SoCal Connected Granted Exclusive Access Inside LA's Dependency Court Exposing the Devastating Effects of Budget Cuts on LA's Foster Children | KCET
SoCal Connected Granted Exclusive Access Inside LA's Dependency Court Exposing the Devastating Effects of Budget Cuts on LA's Foster Children
SOCAL CONNECTED GRANTED EXCLUSIVE ACCESS INSIDE LA'S DEPENDENCY COURT EXPOSING THE DEVASTATING EFFECTS OF BUDGET CUTS ON LA'S
AND WHAT TO DO WHEN CAREGIVING BECOMES TOO MUCH
airs March 16 at 9 p.m.
Angeles, CA - March 9, 2012 - This week
SoCal Connected presents an exclusive
in-depth report on a side of our justice system rarely seen on television. SoCal Connected
gained unprecedented access to L.A. County's Dependency Court, where thousands
of Foster children are awaiting decisions that will impact their futures. For
the first time television cameras have been allowed inside the court, revealing
the tremendous overcrowding, delays and backlogs that frustrate thousands of
families. We see the overwhelming caseloads that judges, attorneys, and social
workers carry; how additional budget cuts threaten to bring the justice system
to a near standstill; and how the system often works against families trying
desperately to stay together or be re-united.
Los Angeles County's Dependency Court is the largest in the
nation, handling 25,000 children. For the first time television cameras were
granted access, revealing in graphic detail how deep budget cuts are devastating
our justice system and putting our most vulnerable citizens at risk. We profile Judge Amy Pellman who is scheduled
to hear 33 family cases in six hours, sometimes deciding a child's fate in as
little as three minutes. We meet parents who have completed counseling programs
and are hoping the judge will grant them custody of their son. But other
parents are stuck, unable to get into overcrowded programs that are required in
order to get their children back.
We see how judges and attorneys often learn the facts of a case
only minutes before the case is heard; how attorneys who are supposed to
represent 160 children are burdened with 240 cases. More delays and backlogs
are inevitable as 300 layoffs and 50 courtroom closures are scheduled to occur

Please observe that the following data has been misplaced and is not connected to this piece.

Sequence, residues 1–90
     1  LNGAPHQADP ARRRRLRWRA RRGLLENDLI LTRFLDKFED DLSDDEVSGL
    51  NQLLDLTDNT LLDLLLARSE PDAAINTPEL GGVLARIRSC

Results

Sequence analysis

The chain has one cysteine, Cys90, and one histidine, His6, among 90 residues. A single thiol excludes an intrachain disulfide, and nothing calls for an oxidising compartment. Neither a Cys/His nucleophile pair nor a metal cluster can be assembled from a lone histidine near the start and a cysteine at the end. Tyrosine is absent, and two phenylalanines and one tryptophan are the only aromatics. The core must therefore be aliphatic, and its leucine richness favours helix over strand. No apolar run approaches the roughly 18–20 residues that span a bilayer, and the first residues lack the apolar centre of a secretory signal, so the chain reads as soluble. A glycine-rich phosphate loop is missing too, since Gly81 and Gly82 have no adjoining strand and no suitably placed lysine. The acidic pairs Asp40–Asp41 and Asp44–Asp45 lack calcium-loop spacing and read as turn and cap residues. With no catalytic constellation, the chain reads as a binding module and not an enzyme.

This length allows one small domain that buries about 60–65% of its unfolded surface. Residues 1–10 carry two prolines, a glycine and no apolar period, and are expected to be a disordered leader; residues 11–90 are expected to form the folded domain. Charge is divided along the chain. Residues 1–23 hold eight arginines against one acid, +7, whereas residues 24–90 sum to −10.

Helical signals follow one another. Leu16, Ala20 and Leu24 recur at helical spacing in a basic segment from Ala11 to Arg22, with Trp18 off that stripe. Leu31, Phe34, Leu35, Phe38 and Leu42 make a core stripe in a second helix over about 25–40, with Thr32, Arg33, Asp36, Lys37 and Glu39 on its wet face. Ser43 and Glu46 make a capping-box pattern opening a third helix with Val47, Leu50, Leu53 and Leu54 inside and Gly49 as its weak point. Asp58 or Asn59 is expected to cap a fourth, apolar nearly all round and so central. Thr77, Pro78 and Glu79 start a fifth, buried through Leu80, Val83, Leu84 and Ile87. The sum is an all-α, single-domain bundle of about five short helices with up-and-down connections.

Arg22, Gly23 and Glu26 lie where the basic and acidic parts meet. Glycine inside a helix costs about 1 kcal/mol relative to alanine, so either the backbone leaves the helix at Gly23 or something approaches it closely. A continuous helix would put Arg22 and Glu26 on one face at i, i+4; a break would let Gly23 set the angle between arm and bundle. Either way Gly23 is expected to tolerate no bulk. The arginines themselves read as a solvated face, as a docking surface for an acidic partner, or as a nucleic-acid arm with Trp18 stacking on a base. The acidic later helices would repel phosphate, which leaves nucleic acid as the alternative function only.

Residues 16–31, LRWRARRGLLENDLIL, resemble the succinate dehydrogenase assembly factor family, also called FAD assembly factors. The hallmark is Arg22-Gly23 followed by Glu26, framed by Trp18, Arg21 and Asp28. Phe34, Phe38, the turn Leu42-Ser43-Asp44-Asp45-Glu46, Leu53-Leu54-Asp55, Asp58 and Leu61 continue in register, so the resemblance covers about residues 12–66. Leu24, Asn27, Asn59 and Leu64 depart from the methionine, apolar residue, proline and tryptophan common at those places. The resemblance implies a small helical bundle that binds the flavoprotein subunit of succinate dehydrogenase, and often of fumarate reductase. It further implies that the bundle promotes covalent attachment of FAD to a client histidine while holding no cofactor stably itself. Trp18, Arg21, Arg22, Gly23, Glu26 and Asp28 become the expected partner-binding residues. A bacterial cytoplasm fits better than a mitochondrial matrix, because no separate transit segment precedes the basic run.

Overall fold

in L.A. County, following a statewide $650 million slash in funding. California
Chief Justice Tani Cantil-Sakaueye says "I think its devastating to be told to come
back in four months and that we'll hear your case on child custody. What's a
person to do in four months?"
The justice system budget cuts will also affect the three million
people who come through the L.A. Superior Court every year for everything from traffic
tickets to divorce filings. In some cases trials are stretched out, held for
one day a month over the course a year.
The "Courting Disaster" episode airing on March 16th was
produced by Karen Foshay. The correspondent is Jennifer London.
"YOUR TURN TO CARE"
In our continuing series on the challenges of care giving, we
profile caregiver Sonia Alvarado, a woman who recently put her 78-year old
mother in an assisted living facility. Although the family has promised to keep
their mother at home through her old age, they were caught unexpected with a
diagnosis of Alzheimer's. After their mother wandered away from home, they had
to reconsider their promise. Through Alvarado, the piece explores the complex
emotional and financial strains a caregiver must navigate when seeking help
from institutions, elder care professionals and attorneys. It can be an
especially costly if the loved-one doesn't have long term care insurance or
qualify for government assistance. The
producer is Margie Friedman.
SoCal Connected airs Friday, March 16th
at 9 p.m. with encore airings Saturday at 6 p.m. and Sunday at 1 p.m. and 6:30
Executive Producer of SoCal Connected
is Bret Marcus. Co-Executive Producer is Justine Schmidt. Anchor is Val Zavala.
About SoCal Connected
SoCal Connected, winner of the
Peabody and duPont-Columbia awards, 14 Emmy® Awards, 15 Golden Mikes, 18 LA
Press Club Awards, the Edward R. Murrow Award for Best News Documentary and Los
Angeles Magazine's "Best New Local TV Program" of 2009, airs Fridays (9:00
p.m.), with encores Saturdays (6 p.m. - 6:30 p.m.), Sundays (1:00 p.m. - 1:30
p.m.) and (6:30 p.m.-7:00 p.m.) and
Mondays (10:00 p.m.- 10:30 p.m.) exclusively on KCET. For more information, to
view episodes online or to post comments, please visit http://www.socalconnected.org.
SoCal Connected is made possible
through the generous support of The Ahmanson Foundation, serving the Los
Angeles community since 1952; Jim and Anne Rothenberg; The Maddocks-Brown
Foundation; The Elizabeth Hofert-Dailey Trust; The John Randolph Haynes &
Dora Haynes Foundation; The City of Los Angeles Department of Cultural Affairs
Social distancing means fewer people can use storm shelters, which are boosting hygiene provisions, while movement restrictions could hamper the delivery of emergency aid.
Female former factory workers hope to use university degrees to improve workers’ rights after Rana Plaza and coronavirus pandemic.
These profiles highlight the intersections of COVID-19 and other social and economic indicators in specific neighborhooods in L.A. County.
I became passionate about making natural body care products not only to address the contaminants of pharmaceuticals, but also to connect with my Mayan ancestry.
- 1 of 330
- next ›